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The headmaster of one of Britain's top achieving schools has seen his pupils improve yet again, despite what he brands 'political pressures'. Paul Evans, Headteacher of Colyton Grammar School in Devon, saw his school top the national league table for GCSE last January.
It is becoming increasingly difficult to predict the outcome of our public examinations due to the political pressures to tighten standards nationally. In a year when we are told it is more difficult to achieve top grades, we increased the A* and A grades. It is a great relief to see that through hard work and determination, our students have maintained high standards and delivered the results that will set them up well for six form study and beyond.
– Paul Evans, Headteacher, Colyton Grammar School
No one should underestimate the effort required to achieve high numbers of top grades across a range of subjects and the students should be very proud of what they've managed to achieve."
More than half the year group achieved five or more top A* grades in a year when 49.4% of the GCSE grades obtained at the school were A* which was up 4.1% on last year.
He said 83.4% of all GCSEs awarded to Year Ten students taking GCSE at Colyton this summer were graded A8 or A - which was 2.7% higher than last year. Eleven pupils - seven girls and four boys - achieved straight A* in 12 subjects.
– Andy Woolley, South West Regional Secretary, National Union of Teachers
Schools and pupils are being put under ridiculous pressures to meet the latest demands from Ofsted and Government. As exam and test results are increasingly the only measure by which schools are judged it is no surprise some schools are entering pupils for different exams or entering them earlier. Everyone wants the best for pupils but the obsessive target driven culture imposed on schools is stifling learning and pupil engagement."
General Secretary of the National Union of Teachers, the largest teachers’ union, said the "obsessive target driven culture" in schools is "stifling learning".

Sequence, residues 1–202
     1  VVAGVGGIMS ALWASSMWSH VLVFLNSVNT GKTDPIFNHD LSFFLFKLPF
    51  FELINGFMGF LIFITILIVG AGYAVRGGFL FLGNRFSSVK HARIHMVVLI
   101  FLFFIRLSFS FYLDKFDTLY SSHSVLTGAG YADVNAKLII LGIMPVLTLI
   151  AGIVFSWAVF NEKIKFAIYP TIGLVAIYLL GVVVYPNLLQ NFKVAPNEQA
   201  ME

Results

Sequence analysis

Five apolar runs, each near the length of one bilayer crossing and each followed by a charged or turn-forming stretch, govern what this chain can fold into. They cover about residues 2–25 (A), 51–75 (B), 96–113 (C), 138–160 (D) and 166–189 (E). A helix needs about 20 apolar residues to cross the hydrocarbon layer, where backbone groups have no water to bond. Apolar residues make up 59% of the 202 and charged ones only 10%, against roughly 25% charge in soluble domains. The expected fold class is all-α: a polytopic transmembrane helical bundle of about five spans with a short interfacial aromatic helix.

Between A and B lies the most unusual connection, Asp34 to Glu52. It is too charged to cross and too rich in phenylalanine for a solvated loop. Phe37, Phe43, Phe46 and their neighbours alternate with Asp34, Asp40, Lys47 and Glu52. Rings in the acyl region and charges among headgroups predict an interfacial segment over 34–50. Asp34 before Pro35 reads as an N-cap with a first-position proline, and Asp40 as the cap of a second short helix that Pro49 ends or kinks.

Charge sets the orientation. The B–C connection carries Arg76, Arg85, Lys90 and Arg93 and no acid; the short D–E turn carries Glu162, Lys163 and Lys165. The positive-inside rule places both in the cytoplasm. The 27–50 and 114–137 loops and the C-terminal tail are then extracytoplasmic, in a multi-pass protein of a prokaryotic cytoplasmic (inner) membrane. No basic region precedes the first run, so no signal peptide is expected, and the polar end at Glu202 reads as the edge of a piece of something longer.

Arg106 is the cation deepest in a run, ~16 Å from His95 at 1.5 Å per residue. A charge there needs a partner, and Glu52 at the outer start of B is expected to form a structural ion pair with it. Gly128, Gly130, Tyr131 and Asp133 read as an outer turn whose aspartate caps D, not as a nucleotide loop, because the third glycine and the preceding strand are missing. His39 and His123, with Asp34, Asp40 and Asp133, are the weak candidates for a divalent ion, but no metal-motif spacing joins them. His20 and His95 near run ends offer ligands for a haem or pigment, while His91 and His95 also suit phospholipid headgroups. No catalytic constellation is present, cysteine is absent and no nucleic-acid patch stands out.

Christine Blower said: "Congratulations to all pupils and teachers for the hard work they have put into passing this year’s GCSEs.
“The great results speak for themselves and have been achieved despite persistent criticism from the Education Secretary about the validity of GCSEs as a qualification, and the continual shifting of pass rate criteria.
“Schools and pupils are being put under ridiculous pressures to meet the latest demands from Ofsted and Government. As exam and test results are increasingly the only measure by which schools are judged it is no surprise some schools are entering pupils for different exams or entering them earlier.
"Everyone wants the best for pupils but the obsessive target driven culture imposed on schools is stifling learning and pupil engagement."
Ten year old Monty Rix from Cornwall has achieved a grade 'B' in his GCSE Astronomy.
Science was hit by the drop in GCSE results despite more pupils studying biology, chemistry and physics.
There was a drop across the board in all three sciences - in biology, 89.8% of entries got at least a C, down from 92.6% last year, in chemistry 90% of entries scored A*-C, down from 93%, and in physics 90.8% reached this standard, down from 93.2%.
The decline in results for the separate sciences is partly down to bright students switching to IGCSE courses and an increase in the number of 15-year-olds, who tend to perform less well, taking the exams early, JCQ said.
It added that a general trend of more students opting for the three sciences, some of whom will have lower abilities in the subject, may also have had an effect.
There was a "dramatic" rise in the number of GCSE entries for modern foreign languages.
French entries are up by 15.5%, German up 9.4% and Spanish up 25.8%.
The introduction of the Government's English Baccalaureate, which is awarded to pupils who score at least a C at GCSE in English, maths, science, history or geography, and a foreign language, could be a reason for the rise.
Girls have continued to out-perform boys in GCSEs, recording higher results at A* and A*-C across all subjects.
The dip in GCSE results comes amid a major upheaval in the exams system and it is thought the following issues have contributed to the fall:
- A rise in the number of pupils entering maths GCSE early or multiple times.
- A revamp in science GCSE following a 2009 report that said the courses were too easy.
- An increase in the number of pupils taking international GCSEs (IGCSE) in certain subjects.
Exam boards have criticised the rise in the number of 15-year-olds taking GCSE exams, with 91,000 children sitting the tests a year early.
– Andrew Hall of the exam board AQA
Why oh why do we now get a significant increase in 15-year-olds taking GCSE?
– Mark Dawe of the exam board OCR
Early entry does not benefit the students. The results are far lower for 15-year-olds - these qualifications are designed for 16-year-olds.
Students should be left to learn for those two years and that is what we would encourage.